By Ryan McLaughlin
NEW KENSINGTON, Pa.—Since August 2014, a controversy has broken out that has concerned video gamers and feminists alike. This cause has taken on the title of #GamerGate, and it has the misfortune of dividing and demonizing video gamers every year.
An article in Forbes magazine, from Sept. 4, 2014 helped pinpoint the beginning of this controversy. According to Erik Kain, the controversy started with critic, Anita Sarkeesian, and developer, Zoe Quinn. Both women received harsh harassment and multiple threats of injury and against their lives, which caused them to relocate.
Sarkeesian received these threats because of her show, “Feminist Frequency,” which points out misogynist tendencies that she has found within games and gaming. Critics of the show point out holes in her arguments, whereas other haters of the show have threatened her life.
The press took this scandal, and seemingly, blew it out of proportion. In fact, many gaming sites such as Kotaku; Rock, Paper, Shotgun, and Polygon all began writing stories that the gamer was dead. This news sent shock waves throughout the gaming community. The majority of gamers had nothing to do with these attacks and most likely did not know about Quinn before these attacks. These types of stories then started animosity between gamers and the press and caused tension between gamers and feminists.
An article from Gamasutra by Leigh Alexander showed how the image of what a gamer was is now outdated. “By the turn of the millennium those were games’ only main cultural signposts: Have money. Have women. Get a gun and then a bigger gun,” said Alexander. “Be an outcast. Celebrate that. Defeat anyone who threatens you. You don’t need cultural references. You don’t need anything but gaming.”
This mentality was outdated even when Alexander was referring to early gaming. We did not just have masculine power fantasies, but those games were highly successful and played by more than just men. Alexander then drops this antagonist tidbit. “‘Gamer’ isn’t just a dated demographic label that most people increasingly prefer not to use,” Alexander said. “Gamers are over. That’s why they’re so mad.”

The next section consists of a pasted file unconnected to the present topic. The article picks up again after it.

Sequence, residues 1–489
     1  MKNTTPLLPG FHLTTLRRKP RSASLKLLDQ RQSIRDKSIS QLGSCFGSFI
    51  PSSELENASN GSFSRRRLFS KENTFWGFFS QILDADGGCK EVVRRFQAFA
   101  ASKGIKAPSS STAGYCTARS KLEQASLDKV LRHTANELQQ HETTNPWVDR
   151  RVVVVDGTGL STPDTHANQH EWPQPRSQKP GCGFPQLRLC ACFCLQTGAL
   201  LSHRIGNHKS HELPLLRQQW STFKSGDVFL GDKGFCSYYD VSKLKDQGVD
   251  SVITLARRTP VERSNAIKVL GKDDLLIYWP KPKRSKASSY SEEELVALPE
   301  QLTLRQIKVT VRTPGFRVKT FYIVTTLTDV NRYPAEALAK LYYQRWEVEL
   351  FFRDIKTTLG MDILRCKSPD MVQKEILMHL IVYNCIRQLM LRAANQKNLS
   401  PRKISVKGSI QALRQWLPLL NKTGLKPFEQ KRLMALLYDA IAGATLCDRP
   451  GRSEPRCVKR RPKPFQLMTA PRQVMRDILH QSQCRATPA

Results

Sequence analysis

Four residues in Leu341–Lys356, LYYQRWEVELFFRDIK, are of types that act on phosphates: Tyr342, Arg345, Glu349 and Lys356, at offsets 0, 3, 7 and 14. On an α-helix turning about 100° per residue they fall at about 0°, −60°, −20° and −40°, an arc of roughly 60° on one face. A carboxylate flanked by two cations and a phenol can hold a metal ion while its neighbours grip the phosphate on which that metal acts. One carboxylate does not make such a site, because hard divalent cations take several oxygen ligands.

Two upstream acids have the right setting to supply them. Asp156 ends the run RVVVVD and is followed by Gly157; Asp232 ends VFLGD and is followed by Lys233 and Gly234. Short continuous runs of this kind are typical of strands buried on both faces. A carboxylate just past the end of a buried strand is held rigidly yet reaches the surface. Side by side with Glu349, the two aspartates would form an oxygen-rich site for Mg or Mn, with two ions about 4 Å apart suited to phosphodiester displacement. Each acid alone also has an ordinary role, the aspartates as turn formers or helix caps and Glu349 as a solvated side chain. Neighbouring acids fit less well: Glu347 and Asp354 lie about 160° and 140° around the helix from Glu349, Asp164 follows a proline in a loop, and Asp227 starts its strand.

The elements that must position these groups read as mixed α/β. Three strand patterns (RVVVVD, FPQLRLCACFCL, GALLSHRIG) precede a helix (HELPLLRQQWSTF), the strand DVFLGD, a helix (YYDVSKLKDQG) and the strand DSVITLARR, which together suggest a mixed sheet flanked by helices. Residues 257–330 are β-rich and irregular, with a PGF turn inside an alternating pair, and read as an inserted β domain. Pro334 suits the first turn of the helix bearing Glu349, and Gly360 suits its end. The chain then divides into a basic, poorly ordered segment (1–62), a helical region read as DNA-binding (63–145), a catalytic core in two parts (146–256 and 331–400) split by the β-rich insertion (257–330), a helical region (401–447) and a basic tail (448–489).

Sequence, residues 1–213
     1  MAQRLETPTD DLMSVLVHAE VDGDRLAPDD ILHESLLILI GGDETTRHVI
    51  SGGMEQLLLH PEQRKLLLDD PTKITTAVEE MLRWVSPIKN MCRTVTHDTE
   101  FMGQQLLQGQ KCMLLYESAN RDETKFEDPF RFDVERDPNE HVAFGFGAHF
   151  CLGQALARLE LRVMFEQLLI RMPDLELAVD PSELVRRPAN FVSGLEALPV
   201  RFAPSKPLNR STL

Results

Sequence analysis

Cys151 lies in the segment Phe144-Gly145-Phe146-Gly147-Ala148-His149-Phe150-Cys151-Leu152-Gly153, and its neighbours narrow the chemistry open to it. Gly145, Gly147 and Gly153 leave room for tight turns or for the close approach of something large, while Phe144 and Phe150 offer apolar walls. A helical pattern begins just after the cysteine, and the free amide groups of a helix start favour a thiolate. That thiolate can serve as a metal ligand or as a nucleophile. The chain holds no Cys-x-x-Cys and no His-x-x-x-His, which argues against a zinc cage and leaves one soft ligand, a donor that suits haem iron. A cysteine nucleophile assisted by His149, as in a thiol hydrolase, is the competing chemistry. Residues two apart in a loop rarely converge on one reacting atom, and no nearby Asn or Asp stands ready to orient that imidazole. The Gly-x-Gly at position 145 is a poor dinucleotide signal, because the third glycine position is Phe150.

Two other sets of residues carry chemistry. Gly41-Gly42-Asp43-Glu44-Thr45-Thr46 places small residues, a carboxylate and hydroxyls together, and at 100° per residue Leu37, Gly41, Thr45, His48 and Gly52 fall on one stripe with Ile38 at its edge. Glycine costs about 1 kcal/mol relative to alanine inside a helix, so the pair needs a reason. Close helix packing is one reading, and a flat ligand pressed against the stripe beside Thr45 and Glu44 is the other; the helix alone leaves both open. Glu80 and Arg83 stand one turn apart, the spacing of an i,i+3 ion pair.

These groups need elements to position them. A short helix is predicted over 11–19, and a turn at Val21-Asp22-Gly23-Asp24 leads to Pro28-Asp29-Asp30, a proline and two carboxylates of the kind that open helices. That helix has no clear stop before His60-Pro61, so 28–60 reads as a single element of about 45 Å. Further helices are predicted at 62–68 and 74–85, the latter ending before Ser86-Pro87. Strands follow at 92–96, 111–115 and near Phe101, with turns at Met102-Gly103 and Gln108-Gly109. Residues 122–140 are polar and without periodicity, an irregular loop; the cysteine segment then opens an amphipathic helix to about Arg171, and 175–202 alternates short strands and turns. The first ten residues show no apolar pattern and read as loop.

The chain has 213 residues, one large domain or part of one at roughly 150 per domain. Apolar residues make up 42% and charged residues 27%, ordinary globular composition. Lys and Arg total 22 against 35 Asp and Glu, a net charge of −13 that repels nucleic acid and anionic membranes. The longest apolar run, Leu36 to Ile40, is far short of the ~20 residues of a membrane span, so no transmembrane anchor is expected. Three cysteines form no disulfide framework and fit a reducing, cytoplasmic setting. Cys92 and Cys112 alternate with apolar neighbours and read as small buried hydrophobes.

On the contrary, gamers continue to exist, and a gamer is not an exclusive title that only men can wear. There are many female gamers out there, as well as female developers and journalists.
Alexander was also referencing another article on Gamasutra, which was written by Brandon Sheffield. Sheffield discussed retiring the word “gamer” in order to make video games more socially acceptable.
“If you want to call yourself a gamer, fine,” Sheffield said. “I can’t tell you what to do. But if you want to start changing the public perception of the game playing public, so that the definition includes everyone who plays games, I say it’s time to retire the word ‘gamer.’”
The next cause of escalation came from a source that was not a gamer. Adam Baldwin became famous in so-called nerd culture from the cancelled show Firefly. He wrote a tweet about the whole affair and added “#GamerGate.” The movement now had a name, and sparks began flying.
As a result, gamers and those watching were forced to take sides. And for what? As far as I can see, no one wins here. If the movement was based on bringing attention to the gamer world, then it succeeded. However, #GamerGate claims that it’s based around ethics in gaming journalism, but it’s not. Anti-GamerGate people claim that it’s feminists trying to ruin gaming, but it’s not.
What #GamerGate shows is how vocal minorities can speak for the masses on both sides. No one has to take a side. In fact, the whole controversy should just be ignored so we can get back to playing the games we love, instead of arguing about what games and gaming should be.